Writer: Kay Ledbetter

The wait is over, and the first look at the U.S. Department of Agriculture’s interim final hemp production rules are now available. The rules were published in the Federal Register on Oct. 31 and public comment will be allowed for 60 days on the USDA website.

These rules do not, however, grant anyone the right to begin planting hemp in Texas. There are still several more steps to the process to finalize Texas industrial hemp rules, according to Texas A&M AgriLife Extension Service specialists working with hemp.

hemp flower
Industrial hemp legislation is in the works, but it is not yet legal to produce in Texas

Hemp refers to the Cannabis plant with tetrahydrocannabinol, THC, concentration of not more than 0.3 percent on a dry-weight basis. Cannabidiol, or CBD, is the most referenced product aligned with hemp production, but non-consumable hemp products include cloth, cordage, fiber, fuel, paint, paper, particleboard and plastics.

USDA hemp rules prompt Texas action

Tiffany Dowell Lashmet, AgriLife Extension agricultural law specialist, Amarillo, said a significant portion of the USDA rules tell tribes and states who are outlining their own hemp production plans what must be included. Another portion puts in place rules for producers in states or tribes that don’t want to create their own plan.

Texas, through the Texas Department of Agriculture, will be submitting a state plan, which must be approved by USDA. Until that happens, no physical procurement of hemp seed, planting or production is allowed in Texas, said Calvin Trostle, AgriLife Extension agronomist, Lubbock.

AgriLife Extension is gearing up to help producers work through the regulatory compliance and production processes.

Once the approved TDA rules are released, there will be requirements for an application and licensing process, fees for application and inspections, notification, rules to govern how industrial hemp will be tested in the field and more.

Production and testing will center on the acceptable hemp THC level, which is 0.3% taking into consideration the measurement uncertainty. Anything testing above the limit will be regarded as ‘hot’ or marijuana and could be subject to destruction.

Texas hemp rules timeline

TDA general counsel Tim Kleinschmidt said while the rules and regulations process might be wrapped up by February, it will likely be March before they are ready to begin taking applications for licenses and permits. The statute allows them 60 days to process a license.

He said they expect to file the Texas rules in early December and then must leave the comment period open for 30 days.

“If all goes well and once we adopt rules, it is 20 days before they are effective, which takes us into February,” he said.

Trostle said this timeline makes it questionable whether anyone will be ready for a March-April planting window that might be needed. And then the question will remain as to where and how the hemp will be processed.


Read the rules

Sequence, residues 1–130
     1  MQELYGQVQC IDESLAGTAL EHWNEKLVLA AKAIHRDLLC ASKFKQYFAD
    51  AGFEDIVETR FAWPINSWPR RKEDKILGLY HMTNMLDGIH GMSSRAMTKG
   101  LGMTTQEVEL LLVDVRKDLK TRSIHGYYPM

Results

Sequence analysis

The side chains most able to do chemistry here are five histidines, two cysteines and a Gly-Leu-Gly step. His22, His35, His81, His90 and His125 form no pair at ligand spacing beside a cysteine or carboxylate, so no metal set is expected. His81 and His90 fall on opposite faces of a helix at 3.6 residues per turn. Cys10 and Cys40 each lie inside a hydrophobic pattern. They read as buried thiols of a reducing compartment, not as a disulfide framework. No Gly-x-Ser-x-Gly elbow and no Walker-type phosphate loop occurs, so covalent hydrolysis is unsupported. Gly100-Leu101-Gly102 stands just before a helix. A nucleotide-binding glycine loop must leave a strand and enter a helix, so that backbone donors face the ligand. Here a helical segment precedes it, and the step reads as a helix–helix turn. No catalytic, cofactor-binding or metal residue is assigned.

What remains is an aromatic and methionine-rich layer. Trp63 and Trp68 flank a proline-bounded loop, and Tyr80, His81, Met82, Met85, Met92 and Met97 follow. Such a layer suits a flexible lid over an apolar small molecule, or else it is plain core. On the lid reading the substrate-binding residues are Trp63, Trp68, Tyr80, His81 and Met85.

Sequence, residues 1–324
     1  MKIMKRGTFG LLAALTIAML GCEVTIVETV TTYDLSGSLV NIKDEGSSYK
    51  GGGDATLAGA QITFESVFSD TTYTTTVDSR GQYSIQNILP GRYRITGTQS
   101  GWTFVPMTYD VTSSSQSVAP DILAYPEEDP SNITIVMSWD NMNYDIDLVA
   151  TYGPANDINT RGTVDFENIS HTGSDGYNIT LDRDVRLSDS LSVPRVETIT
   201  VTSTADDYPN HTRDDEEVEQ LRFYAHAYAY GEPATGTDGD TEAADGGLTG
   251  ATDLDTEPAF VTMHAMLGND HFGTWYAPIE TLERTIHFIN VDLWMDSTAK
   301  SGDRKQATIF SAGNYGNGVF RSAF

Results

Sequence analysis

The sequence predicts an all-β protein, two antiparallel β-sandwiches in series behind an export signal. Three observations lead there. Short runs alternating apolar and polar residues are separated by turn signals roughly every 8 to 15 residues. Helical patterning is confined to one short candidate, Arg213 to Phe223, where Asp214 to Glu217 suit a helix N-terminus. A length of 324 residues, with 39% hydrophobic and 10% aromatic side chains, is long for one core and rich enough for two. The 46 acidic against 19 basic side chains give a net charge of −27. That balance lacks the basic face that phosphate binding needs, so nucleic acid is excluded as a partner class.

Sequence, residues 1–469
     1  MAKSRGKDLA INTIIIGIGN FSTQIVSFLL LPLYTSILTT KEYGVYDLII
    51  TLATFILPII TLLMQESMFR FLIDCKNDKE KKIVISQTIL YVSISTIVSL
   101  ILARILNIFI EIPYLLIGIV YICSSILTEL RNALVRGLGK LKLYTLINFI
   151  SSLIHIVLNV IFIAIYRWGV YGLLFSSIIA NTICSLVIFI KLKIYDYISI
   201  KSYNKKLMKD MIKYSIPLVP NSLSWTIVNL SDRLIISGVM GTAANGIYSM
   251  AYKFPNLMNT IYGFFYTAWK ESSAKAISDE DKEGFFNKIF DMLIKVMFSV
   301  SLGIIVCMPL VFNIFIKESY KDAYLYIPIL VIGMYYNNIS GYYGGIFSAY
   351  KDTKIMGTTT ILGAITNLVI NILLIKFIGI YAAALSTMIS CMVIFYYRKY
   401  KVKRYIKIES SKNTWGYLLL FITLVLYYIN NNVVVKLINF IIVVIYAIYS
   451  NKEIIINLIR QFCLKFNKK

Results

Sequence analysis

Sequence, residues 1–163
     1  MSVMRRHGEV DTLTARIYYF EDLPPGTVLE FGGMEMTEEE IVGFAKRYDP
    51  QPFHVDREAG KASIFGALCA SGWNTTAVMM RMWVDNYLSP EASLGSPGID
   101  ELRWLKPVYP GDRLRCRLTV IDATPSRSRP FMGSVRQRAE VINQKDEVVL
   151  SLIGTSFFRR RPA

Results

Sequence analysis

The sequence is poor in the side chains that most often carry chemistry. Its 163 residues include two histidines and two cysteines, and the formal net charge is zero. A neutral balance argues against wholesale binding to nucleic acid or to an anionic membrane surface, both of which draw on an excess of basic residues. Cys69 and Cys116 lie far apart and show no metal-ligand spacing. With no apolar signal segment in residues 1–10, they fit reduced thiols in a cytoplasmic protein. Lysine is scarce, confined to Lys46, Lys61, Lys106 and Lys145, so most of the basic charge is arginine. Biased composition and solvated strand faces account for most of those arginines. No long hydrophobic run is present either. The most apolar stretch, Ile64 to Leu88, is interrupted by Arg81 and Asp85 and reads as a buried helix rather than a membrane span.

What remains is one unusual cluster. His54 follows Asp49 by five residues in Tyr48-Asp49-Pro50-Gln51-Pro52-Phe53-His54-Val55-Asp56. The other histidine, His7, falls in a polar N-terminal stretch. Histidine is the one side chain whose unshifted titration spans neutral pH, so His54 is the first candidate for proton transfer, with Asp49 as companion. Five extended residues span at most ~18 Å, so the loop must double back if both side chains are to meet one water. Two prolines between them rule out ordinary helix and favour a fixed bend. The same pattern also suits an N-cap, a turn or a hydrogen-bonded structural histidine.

Lashmet suggested producers who hope to grow hemp read up on a few important segments of the rules, including:

  • Personal and production information required by the government regarding expected hemp production.
  • Sampling and testing for the “acceptable hemp THC” level.
  • Repercussions for crops that exceed that THC level and the requirements for destruction if required.

“It’s not as simple as you might think,” Lashmet said. “There are some provisions under the Controlled Substances Act and Drug Enforcement Agency regulations that will have to be followed for destruction.”

Financial risks of hemp production

Justin Benavidez, Ph.D., AgriLife Extension economist, Amarillo, also pointed out the cost and benefits section the rules, which indicate just how much risk is involved in growing hemp.

The rules outline some overall U.S. averages for what costs and returns are for different types of hemp production, Benavidez said.

“Keep in mind, these are not Texas A&M AgriLife budgets,” he said. “These are not saying what the costs and returns will be in Texas. This is a highly aggregated average from USDA sources.”

USDA published the cost of production per acre as $19,000 per acre. This is considerably higher than the $670-per-acre variable cost for corn and cotton in the High Plains.

Overall revenues outlined in the USDA rules vary depending on the production model, but as far as net returns, they range anywhere from negative $25,000 per acre up to a positive $7,000 per acre, he said. The range depends on whether it is a floral production, grain or fiber model.

Trostle said the higher side of USDA’s production figures are likely to be costs for smaller scale, high CBD production hemp.

“There’s a lot of risk involved, and it’s certainly something to think about when you are going forward with that hemp production model,” Benavidez said. “If you are seeing a $19,000-per-acre investment on the side of production and then are forced to destroy it because of THC levels, that is something to keep in mind.”